In the case of the Democrats’ proposal, the instrument “is a draconian tax of up to 95% on the domestic revenues of those [pharmaceutical] firms who are somehow not negotiating ‘in good faith,’ where the secretary gets to decide what that is,” continued Holtz-Eakin, who is the president of the American Action Forum, a right-leaning organization. “That’s not a good negotiation. And no one should confuse this with negotiation. This is a government price-setting mechanism that will reach in every corner of the healthcare sector. And government pricing mechanisms have a long track record of having unintended consequences and being detrimental.”
Steffany Stern, MPP, vice president for advocacy at the National Multiple Sclerosis Society, talked about how her mother, an MS patient, has to beg for charity from drug companies so she and her husband can afford her MS medications, even though they have health insurance. “Without the charitable assistance that they receive, they could not pay the $2,400 they owe for her medication month after month,” Stern said. “It just seems wrong to us that people with healthcare coverage still need charitable assistance. And my parents aren’t alone.”
Use of a Formulary
Sen. Debbie Stabenow (D-Mich.) pointed out that “Americans pay the highest drug prices in the world and it isn’t even close. We pay three times more for brand-name drugs, and every year it gets worse … According to AARP, over the past 15 years, the price of the most common brand-name drugs has risen 300%,” way beyond the increase in the inflation rate. “This is devastating for the financial and physical health of American families, especially our seniors,” she said.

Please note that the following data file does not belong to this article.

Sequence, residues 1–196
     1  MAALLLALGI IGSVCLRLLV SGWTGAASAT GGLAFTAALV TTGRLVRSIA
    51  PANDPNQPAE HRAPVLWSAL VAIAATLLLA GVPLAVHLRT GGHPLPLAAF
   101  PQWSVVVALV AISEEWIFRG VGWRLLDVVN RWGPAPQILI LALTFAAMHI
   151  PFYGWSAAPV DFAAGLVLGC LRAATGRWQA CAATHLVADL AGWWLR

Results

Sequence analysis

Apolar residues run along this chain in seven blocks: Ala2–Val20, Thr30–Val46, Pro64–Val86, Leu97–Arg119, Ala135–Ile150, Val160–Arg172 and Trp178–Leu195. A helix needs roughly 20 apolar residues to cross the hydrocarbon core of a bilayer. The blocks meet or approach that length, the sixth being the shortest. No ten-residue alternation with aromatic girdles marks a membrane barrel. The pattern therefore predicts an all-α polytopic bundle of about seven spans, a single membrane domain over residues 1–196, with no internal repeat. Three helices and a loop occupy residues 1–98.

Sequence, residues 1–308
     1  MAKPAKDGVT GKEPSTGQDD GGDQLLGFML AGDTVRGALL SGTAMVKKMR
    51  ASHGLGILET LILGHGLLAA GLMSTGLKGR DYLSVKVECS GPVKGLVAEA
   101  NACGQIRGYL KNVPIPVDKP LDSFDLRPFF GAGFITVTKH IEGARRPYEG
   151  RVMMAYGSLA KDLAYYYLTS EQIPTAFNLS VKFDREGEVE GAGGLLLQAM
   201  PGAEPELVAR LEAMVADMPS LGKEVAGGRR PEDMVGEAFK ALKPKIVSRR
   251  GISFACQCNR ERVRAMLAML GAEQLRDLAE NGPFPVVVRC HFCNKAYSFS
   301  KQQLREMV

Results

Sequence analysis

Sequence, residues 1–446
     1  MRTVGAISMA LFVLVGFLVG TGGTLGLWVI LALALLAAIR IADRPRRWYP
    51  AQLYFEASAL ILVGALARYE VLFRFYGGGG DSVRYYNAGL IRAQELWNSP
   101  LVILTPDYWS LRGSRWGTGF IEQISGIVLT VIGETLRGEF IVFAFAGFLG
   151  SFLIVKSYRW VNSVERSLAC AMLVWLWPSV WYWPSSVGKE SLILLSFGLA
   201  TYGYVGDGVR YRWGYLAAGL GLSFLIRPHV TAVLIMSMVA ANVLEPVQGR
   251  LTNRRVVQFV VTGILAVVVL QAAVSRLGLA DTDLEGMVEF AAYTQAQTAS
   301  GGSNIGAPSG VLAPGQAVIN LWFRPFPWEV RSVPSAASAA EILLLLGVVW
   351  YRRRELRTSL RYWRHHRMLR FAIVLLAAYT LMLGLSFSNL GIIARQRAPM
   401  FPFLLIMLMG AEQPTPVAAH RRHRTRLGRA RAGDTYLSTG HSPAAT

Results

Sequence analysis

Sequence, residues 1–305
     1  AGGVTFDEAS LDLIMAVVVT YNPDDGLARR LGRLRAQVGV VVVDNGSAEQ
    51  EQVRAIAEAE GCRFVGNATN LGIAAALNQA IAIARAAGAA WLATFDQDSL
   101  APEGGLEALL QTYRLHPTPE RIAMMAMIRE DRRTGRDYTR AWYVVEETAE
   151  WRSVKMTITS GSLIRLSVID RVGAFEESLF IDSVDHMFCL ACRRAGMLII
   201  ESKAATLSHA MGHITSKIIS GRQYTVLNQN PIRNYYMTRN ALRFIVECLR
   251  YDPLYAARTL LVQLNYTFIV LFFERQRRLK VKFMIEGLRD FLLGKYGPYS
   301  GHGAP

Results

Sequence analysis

“You’re going to hear a lot today from my Republican colleagues who say there are ways to cut costs, that negotiation is going on. I would suggest based on the incredibly high prices, they’re pretty bad negotiators,” she added.
The Democrats’ proposal is straightforward, Stabenow noted. “Allow Medicare to really start negotiating drug prices like the VA [Department of Veterans Affairs] does — and they pay 40% less — put in place a $2,000 out-of-pocket cap for seniors in Medicare Part B, a cap on insulin at $35 a month, and penalize drug companies who raise prices faster than inflation. That’s the plan.”
However, Sen. John Cornyn (R-Ariz.) pointed out that the VA has a closed formulary and covers only about 52% of the top 200 drugs listed in the Medicare Part D drug program; Part D plans themselves cover three-fourths of those drugs on average, he said. Cornyn also asked Holtz-Eakin why negotiation wouldn’t solve the problem of high drug costs.
“It’ll solve the cost problem in the near term, but it will have detrimental effects down the road, particularly on innovation and competition in the pharmaceutical sector,” replied Holtz-Eakin. “A great example of this debate is a $35 cap on insulin, which would end innovation in insulin tomorrow; we would not see any advancement versus what we’re seeing right now, with one biosimilar, two authorized generics, and insulin prices down 6.2% over the past 2 years. Create entry, create competition, and lower costs — that’s the solution.”
Joyce Frieden oversees MedPage Today’s Washington coverage, including stories about Congress, the White House, the Supreme Court, healthcare trade associations, and federal agencies. She has 35 years of experience covering health policy. Follow